Swim Again

She walked through the glass doors into the empty pool room and hung her towel on one of the hooks. Sitting on the edge of the pool, she dipped her legs into the water. It was the temperature of blood. She wondered if she was beginning to regret her decision to come here, but slipped off the pavers and into the shallow end before she had a chance to complete the thought in her head.

Standing on the tiled floor, she rinsed the goggles in her hand below the surface of the water and stretched them around her head. Now she was completely sealed. She had bought the ear plugs a week or so ago when picking up her prescription at the chemist. Ear putty, the label had said: reusable. Prising apart the box later that evening, she had taken one of the clear plugs and softened it in her hand, rolling it into a thin strip, which she could insert into her ear.

DO NOT, she read on the package, roll the plug lengthways and insert into the ear canal. Roll it into a ball, lift the ear tip up with one hand and press the ball around the ear shell with the other. This she had done in the change rooms, not really believing it would work, but it did. The plug sat snugly, preventing the water from getting in. It also muffled the external sound, so she was more aware of the beating of her heart and the sound of her breathing.

‘Make a list,’ her friend had said.

‘What for?’ she had responded.

‘If you make a list, it gives you some things to aim for – some goals to help you get out.’

‘What if I don’t want to get out?’

She had ignored the advice for a while, and then one day sat with a pencil and a blank sheet. She could make a list. A list did not mean she had to follow it. It was just a list. Maybe five things she might be able to do.

1. Read a book

She had not read for a long time. She had picked up a book from time to time, but could not settle into anything. What was that famous quote? That there are only two stories: A man goes on a journey or a stranger comes to town. If that was the case she had already read all the stories there were to read.

2. Enjoy a glass of wine and watch the sun go down.

That was two things, technically and should have been easy enough except that wine was giving her heartburn right now. She wasn’t sure why, but the last thing she needed was more pain in her heart.

3. Swim again

Sometimes lethargy ends up being the means to get something done. She had not been to the gym in over a year, but had not cancelled her membership, either. The membership fee had continued to come out of her account every month. Every now and again she would think about cancelling it, then leave it for another month. So here she was 18 months later, still a member, standing at one end of an empty pool with putty in her ears.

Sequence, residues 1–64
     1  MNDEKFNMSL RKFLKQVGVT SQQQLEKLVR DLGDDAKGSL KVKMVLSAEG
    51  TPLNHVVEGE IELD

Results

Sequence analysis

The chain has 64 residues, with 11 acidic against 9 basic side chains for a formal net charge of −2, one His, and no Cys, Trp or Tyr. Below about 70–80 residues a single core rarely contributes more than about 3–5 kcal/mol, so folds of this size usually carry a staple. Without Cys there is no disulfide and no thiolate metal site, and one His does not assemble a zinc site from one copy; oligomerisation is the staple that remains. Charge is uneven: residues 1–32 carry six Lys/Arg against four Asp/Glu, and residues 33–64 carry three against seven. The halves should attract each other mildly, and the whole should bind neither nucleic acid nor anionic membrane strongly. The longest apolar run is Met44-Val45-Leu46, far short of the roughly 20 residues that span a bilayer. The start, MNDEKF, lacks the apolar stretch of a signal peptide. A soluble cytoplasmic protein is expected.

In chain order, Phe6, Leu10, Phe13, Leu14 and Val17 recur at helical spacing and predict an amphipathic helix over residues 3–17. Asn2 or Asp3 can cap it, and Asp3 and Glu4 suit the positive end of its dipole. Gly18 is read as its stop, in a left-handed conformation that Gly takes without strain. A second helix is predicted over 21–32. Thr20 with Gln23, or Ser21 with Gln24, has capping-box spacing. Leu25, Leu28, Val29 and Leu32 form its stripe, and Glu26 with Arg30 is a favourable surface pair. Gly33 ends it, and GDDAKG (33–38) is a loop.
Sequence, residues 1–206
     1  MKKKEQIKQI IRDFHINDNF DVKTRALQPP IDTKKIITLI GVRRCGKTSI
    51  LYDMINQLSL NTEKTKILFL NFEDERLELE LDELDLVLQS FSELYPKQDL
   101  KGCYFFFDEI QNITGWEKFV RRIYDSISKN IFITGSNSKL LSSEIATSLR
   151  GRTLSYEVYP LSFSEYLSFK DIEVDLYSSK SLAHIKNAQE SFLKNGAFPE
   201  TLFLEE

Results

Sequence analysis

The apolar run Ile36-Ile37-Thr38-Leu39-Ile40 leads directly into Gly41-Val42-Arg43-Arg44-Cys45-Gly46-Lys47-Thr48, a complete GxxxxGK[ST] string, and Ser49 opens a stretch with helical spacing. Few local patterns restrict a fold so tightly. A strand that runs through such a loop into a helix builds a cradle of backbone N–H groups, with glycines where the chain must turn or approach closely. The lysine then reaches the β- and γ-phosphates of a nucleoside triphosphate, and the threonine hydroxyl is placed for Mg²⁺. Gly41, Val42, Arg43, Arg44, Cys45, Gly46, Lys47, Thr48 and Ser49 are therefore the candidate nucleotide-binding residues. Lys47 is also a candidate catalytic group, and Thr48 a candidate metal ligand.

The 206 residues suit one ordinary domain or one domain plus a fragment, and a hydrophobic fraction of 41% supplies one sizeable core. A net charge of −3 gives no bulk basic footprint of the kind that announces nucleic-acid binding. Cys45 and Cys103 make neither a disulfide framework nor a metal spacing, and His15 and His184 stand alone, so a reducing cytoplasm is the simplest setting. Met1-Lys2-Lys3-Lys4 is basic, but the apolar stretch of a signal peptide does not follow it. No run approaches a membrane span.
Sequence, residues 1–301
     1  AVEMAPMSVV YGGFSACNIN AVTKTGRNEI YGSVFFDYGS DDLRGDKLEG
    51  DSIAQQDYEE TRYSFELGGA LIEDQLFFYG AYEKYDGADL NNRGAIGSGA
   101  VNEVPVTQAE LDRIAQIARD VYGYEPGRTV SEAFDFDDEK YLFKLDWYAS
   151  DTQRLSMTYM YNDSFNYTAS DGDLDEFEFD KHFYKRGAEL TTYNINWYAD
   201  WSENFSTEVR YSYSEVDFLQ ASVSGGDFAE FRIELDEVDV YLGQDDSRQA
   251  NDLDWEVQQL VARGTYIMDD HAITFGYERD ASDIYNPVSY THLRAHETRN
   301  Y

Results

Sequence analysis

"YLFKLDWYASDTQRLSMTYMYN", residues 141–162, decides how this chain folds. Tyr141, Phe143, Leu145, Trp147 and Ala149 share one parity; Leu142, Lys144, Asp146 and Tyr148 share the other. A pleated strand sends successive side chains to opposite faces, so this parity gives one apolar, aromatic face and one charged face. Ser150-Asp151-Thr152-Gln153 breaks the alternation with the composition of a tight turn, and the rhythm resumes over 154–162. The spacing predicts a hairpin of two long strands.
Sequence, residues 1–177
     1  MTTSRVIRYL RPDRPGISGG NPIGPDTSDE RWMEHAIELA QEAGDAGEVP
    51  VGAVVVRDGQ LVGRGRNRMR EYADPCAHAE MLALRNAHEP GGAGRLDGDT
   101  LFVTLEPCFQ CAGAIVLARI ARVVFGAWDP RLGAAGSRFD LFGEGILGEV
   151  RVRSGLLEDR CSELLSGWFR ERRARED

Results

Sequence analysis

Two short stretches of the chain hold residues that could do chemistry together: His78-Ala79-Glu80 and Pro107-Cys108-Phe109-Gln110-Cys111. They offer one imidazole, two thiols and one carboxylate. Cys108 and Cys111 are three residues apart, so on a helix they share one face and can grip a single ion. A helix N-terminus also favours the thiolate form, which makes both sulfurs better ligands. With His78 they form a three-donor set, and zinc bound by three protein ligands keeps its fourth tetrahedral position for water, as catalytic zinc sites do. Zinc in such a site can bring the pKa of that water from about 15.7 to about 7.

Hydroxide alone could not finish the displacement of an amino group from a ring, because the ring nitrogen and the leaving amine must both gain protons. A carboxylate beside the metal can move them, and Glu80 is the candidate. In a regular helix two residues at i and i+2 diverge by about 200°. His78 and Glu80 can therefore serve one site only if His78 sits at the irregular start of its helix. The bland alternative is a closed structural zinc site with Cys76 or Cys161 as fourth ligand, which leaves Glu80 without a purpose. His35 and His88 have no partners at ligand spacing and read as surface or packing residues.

She bent her knees and pushed off. She half expected the water to resist her, but it peeled away before her as she moved forward. Looking down, she could see the one dark line of tiles against the light blue floor like a strip of runway lights, guiding her straight down the lane.  Her arms felt clumsy at first, as if they were dragging buckets of water up with them each time she brought them over her head, but she kept on, feeling that sooner or later the rhythm of the stroke would kick in and her shoulders would begin to move more freely.

Up and down she went, with only the sound of the water as she turned her head to breathe. Her legs kicking behind her and she completed one length and then another.

After a while she flipped on to her back, and kicked up the lane with her legs. The ceiling offered different landmarks. First bunting, hung across the pool, which she had not noticed before getting in, then slats of ceiling panels, another string of bunting and finally an enormous skylight, which cast a strong band of light and heat at the end of the pool.

Forty minutes later, she swam across the pool, under the lane ropes to get out. She climbed the ladder and sat for a while wrapped in a towel on one of the benches, watching the light from the window cast reflections of the clear blue water onto the ceiling.

There was a snap and a creak. The door to the pool room swung open and another swimmer came in. It was time to go, but she had done it, she had completed an item on her list and she could now think about adding a fifth.

A man goes on a journey might be one of the only two stories, but she was a woman.  This was her journey and she had begun. She would swim again.

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